Page 1 of 5 1 2 3 4 5 LastLast
Results 1 to 7 of 32
  1. #1
    Senior Member Graemef's Avatar
    Join Date
    May 2004
    Seabrook Kent

    Is it necessary to learn to Pump?

    So I'll start with my tale which was long ago, 1st season I ever raced a windsurfer and in those days we raced to sailing rules and here in the UK, it was illegal to 'Pump, rock, ooch or otherwise promote forward movement by kinetic force) or some similar wording, it still is the case in lots of sailing classes, but then they didn't have to hold the rig in their bare hands and resist the instinctive urge to pull on the sail to get yourself going that bit sooner.

    In the Summer of 1978, we went to the European championships, and basically got totally slaughtered by the French and just about everyone else and as a team, we resolved to stop the petty protests we'd been using against each other for any kind of rig movement and to learn how to do it properly and on all points of sailing, up wind, cross wind, deep and dead downwind and there is an entirely different method for each, plus some others that came along once higher speed planing devices came along.

    It took us almost the entire winter of 78 into 79, but by the Europeans of 79 we did at least manage to battle it out at the front of the fleet rather than the back given we're all sailing exactly the same size of 23kilo polyethylene board with a wooden boom flexy mast and baggy as hell none battened sail.

    So fast forward to today and the generation of predominantly planing only board riders that don't necessarily have either the desire or the time to compete, is it necessary that they even bother to learn the art? It is an art and even some really good sailors some household names, can't do it properly on every point of sailing such are the various nuances to the fill then stroke that can if neccessary promote forward motion in entirely no wind at all.

    For would be big wave reef riders it's necessary, if you can pump your way onto some of the big fast pacific waves the like you see in Hawaii, then once on the wave it's own fast forward motion generates enough wind to promote enough apparent wind to really rip.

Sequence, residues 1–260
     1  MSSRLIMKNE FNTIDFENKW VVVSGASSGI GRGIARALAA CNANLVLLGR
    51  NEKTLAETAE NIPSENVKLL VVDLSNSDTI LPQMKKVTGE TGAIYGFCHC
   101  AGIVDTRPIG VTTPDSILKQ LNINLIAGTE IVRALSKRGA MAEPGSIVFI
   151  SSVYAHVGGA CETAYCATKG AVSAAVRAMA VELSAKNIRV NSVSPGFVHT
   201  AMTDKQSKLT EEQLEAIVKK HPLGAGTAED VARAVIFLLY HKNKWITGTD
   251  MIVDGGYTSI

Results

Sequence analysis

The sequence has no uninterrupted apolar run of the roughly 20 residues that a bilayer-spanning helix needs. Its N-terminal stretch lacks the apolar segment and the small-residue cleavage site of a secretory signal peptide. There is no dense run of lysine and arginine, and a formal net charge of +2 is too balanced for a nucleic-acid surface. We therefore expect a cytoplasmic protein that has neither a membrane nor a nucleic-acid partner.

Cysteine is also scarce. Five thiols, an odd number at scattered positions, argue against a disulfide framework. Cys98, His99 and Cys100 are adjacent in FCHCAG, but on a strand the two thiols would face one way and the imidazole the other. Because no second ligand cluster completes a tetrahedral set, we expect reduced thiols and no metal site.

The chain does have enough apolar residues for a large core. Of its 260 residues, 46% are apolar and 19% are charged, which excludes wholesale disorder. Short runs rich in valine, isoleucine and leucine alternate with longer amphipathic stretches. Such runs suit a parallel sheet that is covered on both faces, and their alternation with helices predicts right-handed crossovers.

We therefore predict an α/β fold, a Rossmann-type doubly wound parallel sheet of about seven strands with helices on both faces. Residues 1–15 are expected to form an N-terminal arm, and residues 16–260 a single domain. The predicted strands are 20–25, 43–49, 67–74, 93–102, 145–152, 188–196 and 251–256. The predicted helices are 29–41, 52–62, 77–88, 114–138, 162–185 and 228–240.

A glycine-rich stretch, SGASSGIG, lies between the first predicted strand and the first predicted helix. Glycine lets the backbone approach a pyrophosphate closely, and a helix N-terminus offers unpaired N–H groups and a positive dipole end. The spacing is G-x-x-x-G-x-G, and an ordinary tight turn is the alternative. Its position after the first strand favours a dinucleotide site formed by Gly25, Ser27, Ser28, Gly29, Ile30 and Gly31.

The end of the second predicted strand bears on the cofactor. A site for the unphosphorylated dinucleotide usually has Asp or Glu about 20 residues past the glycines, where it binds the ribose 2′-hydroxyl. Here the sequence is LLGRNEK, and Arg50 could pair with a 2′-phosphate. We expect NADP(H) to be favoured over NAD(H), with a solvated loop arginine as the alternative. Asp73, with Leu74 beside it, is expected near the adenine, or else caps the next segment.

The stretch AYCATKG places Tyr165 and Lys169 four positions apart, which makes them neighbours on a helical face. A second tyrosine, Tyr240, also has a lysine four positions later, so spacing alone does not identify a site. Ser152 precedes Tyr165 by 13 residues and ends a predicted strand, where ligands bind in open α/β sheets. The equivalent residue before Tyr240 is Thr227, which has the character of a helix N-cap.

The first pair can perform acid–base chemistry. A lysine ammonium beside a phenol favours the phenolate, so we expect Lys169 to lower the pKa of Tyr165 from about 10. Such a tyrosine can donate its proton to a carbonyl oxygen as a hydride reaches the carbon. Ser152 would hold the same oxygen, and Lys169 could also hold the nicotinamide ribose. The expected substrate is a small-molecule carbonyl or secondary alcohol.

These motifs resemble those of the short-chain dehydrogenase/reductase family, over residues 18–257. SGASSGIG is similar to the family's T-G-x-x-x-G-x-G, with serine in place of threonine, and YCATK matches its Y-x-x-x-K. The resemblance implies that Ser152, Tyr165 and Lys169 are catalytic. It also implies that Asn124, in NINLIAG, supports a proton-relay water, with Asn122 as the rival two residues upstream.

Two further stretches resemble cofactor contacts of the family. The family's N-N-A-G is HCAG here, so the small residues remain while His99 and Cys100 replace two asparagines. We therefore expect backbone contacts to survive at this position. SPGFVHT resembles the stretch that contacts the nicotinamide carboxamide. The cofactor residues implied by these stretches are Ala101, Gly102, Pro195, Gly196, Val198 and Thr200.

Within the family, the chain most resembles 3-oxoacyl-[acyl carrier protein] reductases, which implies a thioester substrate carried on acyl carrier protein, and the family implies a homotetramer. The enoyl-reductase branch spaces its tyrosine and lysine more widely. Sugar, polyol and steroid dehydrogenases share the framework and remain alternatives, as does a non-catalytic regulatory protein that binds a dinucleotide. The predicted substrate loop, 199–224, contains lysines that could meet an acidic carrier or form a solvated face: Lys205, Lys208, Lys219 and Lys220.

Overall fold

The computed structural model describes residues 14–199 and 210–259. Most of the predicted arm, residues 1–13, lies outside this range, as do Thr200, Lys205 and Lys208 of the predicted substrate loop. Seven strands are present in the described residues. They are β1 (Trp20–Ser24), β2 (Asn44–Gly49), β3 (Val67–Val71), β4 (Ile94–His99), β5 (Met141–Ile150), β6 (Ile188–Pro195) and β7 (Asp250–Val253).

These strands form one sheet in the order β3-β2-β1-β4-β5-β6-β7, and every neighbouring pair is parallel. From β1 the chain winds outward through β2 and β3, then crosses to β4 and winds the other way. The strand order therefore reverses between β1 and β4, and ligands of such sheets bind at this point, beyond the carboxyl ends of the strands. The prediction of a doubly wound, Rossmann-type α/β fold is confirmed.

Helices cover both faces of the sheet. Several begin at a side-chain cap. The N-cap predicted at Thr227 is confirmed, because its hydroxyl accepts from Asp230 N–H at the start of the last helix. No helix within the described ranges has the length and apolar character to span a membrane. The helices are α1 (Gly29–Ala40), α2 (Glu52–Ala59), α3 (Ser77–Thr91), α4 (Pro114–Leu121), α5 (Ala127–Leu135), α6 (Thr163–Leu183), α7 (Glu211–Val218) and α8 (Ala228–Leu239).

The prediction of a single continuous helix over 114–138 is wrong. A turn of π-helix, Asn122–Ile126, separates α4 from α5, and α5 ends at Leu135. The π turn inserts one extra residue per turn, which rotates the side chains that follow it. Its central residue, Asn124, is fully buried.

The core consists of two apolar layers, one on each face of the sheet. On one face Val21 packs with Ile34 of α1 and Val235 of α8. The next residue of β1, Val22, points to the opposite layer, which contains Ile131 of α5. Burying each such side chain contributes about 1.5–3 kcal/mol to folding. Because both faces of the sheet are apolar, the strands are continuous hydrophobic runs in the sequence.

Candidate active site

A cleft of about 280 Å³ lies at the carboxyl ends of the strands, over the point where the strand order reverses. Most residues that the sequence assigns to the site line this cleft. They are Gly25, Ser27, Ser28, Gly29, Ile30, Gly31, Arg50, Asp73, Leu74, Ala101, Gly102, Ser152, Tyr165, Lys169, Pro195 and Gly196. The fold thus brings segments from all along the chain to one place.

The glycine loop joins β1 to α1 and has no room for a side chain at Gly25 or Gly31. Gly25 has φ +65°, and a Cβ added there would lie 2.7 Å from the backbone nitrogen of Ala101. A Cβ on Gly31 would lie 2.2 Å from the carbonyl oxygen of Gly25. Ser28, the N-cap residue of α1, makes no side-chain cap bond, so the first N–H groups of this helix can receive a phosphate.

So I'd argue yes you do, and you need to at least be able to pump cross and down wind, sometimes the best waves are in offshore conditions so pumping deep downwind is a bonus.

    We just had a thread about downwind sailing where we did eventually manage to point out the assistance that a well timed pump of the sail can have in altering the attitude of the board, or to assist it over the back of a wave even if it's already on the plane.

    Some sails and rigs also react better than others to being pumped, we spent many a year in the early development of the sport in designing sail twist to recover quickly precisely so the next pump stroke would deliver as much energy as the last and carbon masts came along to perfect that.

    So if desired we could have an entire thread here dedicated to a lost skill, or is it a lost skill, I've no idea, how many of y'all can pump and I mean really pump, not just shake the rig while imitating sex?
    Last edited by Graemef; 23rd June 2017 at 02:23 PM.

  2. #2
    Senior Member Billyboy's Avatar
    Join Date
    Apr 2004
    For wavesailing I'd say it's not necessary, but it is useful. Its also a dynamic, technical and physically demanding skill so I suspect very few are actually any good at it. I'll do my pathetic version occasionally to try and get planing in marginal conditions or catch a wave if I'm not planing, but it probably isn't always a net gain!! It's something I'd like to get better at in the fantasy world where I have lots of free time to go windsurfing - in that regard it has to join a long queue!

  3. #3
    Senior Member
    Join Date
    Jan 2009
    Bring it on. I'm clueless on this.

  4. #4
    Senior Member max111's Avatar
    Join Date
    Jul 2004
    Graeme do you have any videos to illustrate these differences as im a bit more visual in the learning dept